Passed Counter-Terrorism Bill addresses many Law Council concerns, now time to appoint new INSLM
A number of concerns expressed by the Law Council of Australia to the Counter-Terrorism Legislation Amendment Bill (No. 1) 2016 have been reflected in the final version passed by the Senate this morning.
Central to these concerns was ensuring that a system of ‘special advocates’ participate in control order proceedings – which can be now imposed on persons as young as 14 years of age.
The system of special advocates permits a panel of security-cleared barristers and solicitors to participate in closed material procedures where the subject of a control order has sensitive information withheld from them and their legal representative.
Other concerns that have been addressed in the final legislation include:
- clarifying that the best interests of the young person are to be a ‘primary’ consideration in determining the terms of the control order;
- clarifying that the parents or guardian of a child are also to be notified of control order applications or variations;
- expressly providing that a young person has the right to legal representation in control order proceedings;
- requiring a minimum standard of information to be disclosed to a control order subject to allowing effective instructions to be given in relation to allegations;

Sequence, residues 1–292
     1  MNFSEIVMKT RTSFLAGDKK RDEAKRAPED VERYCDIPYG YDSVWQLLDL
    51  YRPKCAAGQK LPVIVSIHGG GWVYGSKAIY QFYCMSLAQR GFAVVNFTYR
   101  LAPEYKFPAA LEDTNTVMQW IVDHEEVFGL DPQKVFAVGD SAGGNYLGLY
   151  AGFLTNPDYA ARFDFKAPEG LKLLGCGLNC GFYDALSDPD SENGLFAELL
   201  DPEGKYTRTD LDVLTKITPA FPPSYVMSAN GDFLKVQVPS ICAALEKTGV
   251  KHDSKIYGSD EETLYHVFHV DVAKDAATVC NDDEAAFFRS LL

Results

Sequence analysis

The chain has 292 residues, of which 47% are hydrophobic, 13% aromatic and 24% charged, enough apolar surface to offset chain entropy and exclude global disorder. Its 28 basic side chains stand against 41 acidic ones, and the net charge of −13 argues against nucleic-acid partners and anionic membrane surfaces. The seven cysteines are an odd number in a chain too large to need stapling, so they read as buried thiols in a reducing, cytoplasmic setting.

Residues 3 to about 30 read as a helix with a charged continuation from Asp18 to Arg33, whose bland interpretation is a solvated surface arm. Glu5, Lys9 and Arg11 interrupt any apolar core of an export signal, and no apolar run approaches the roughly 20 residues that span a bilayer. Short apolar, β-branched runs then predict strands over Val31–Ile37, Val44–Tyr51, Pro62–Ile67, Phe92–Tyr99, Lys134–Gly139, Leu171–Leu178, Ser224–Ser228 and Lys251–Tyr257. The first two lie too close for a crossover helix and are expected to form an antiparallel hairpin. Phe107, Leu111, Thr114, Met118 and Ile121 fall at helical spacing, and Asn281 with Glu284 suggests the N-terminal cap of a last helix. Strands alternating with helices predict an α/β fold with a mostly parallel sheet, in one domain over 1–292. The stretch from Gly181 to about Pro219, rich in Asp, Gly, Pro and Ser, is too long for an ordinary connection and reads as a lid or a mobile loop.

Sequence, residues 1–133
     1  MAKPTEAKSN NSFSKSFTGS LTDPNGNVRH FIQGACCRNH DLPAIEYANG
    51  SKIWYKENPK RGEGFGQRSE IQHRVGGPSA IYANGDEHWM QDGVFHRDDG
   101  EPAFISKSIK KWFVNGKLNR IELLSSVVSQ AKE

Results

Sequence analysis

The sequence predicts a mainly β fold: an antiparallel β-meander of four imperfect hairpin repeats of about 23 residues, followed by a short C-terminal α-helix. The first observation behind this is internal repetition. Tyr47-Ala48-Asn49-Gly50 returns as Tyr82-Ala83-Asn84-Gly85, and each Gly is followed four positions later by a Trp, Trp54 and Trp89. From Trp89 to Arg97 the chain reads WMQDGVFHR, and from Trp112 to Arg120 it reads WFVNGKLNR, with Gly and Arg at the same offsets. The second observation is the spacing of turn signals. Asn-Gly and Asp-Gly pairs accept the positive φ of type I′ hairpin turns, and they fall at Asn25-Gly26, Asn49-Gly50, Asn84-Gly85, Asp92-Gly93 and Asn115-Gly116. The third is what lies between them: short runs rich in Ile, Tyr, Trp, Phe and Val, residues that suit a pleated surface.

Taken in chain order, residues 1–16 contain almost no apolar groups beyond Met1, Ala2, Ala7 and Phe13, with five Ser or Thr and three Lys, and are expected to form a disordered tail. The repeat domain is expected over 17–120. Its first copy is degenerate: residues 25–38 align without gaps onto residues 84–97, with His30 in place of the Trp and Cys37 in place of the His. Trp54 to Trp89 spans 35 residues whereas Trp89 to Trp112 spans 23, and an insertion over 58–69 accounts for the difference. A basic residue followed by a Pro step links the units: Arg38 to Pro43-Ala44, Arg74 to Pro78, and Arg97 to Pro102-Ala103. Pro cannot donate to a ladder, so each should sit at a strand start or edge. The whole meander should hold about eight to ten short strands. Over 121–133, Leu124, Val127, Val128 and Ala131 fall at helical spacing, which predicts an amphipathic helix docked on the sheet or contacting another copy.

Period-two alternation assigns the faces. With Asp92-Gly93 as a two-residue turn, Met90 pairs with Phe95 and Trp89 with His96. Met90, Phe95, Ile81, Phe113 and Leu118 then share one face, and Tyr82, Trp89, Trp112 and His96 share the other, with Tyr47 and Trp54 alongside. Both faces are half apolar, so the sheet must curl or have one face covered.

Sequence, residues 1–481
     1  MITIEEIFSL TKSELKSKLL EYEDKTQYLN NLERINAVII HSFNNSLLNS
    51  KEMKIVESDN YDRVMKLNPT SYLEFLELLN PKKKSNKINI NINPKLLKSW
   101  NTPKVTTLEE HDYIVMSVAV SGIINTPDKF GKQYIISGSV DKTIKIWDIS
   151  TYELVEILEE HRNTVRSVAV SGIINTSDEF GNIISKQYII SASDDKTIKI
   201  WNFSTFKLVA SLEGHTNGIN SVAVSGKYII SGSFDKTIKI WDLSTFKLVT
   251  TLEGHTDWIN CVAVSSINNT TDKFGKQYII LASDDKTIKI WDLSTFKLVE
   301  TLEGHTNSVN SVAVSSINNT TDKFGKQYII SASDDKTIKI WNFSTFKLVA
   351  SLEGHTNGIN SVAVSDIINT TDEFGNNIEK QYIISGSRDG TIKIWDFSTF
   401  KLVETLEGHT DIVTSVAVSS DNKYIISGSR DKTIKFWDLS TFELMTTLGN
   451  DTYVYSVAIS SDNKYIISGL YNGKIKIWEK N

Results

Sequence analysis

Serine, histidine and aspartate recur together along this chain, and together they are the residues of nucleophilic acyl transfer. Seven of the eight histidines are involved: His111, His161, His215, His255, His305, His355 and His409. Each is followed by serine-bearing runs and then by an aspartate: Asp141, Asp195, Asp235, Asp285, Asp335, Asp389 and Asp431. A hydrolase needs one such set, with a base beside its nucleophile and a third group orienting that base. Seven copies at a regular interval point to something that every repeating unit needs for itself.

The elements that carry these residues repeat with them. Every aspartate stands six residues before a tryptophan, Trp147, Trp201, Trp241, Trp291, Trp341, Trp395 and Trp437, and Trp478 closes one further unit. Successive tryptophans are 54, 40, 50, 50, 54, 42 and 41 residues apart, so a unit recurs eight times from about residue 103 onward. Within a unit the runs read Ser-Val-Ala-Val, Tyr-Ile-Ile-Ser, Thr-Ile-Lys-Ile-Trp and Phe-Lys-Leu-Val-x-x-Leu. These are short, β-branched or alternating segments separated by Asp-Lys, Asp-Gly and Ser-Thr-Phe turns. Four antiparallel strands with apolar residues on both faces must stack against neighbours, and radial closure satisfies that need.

- requiring issuing officers for monitoring powers to have regard to whether the measures constitute the least interference with the liberty or privacy of any person that is necessary in all circumstances; and
- an additional ‘reckless’ threshold for the offence of advocating genocide and to remove the requirement of ‘public’ advocacy.
Law Council of Australia President, Stuart Clark AM, welcomed the inclusion of key amendments, particularly the inclusion of special advocates, in the final version of the Bill.
“It is vital that we get the balance right between protecting the community and ensuring that we do not jettison our fundamental rights and freedoms,” Mr Clark said.
“By addressing a number of the legal profession’s concerns, this Bill goes some way to ensuring that this delicate balance is struck.”
However, Mr Clark emphasised that issues of concern remain within the legislation, making the appointment of a new Independent National Security Legislation Monitor (INSLM) vital. The former INSLM, the Hon Roger Gyles AO, QC, resigned on 31 October 2016.
“This legislation, even with these amendments, tests the boundaries of fundamental rule of law principles, meaning a strong independent review presence is critical,” Mr Clark said.
“We are calling on the Government to appoint a new INSLM without further delay.
“The INSLM ensures that reforms to national security legislation will undergo robust scrutiny and that the laws are necessary, proportionate and operationally effective,” Mr Clark said.
Patrick Pantano: Public Affairs Anil Lambert: Media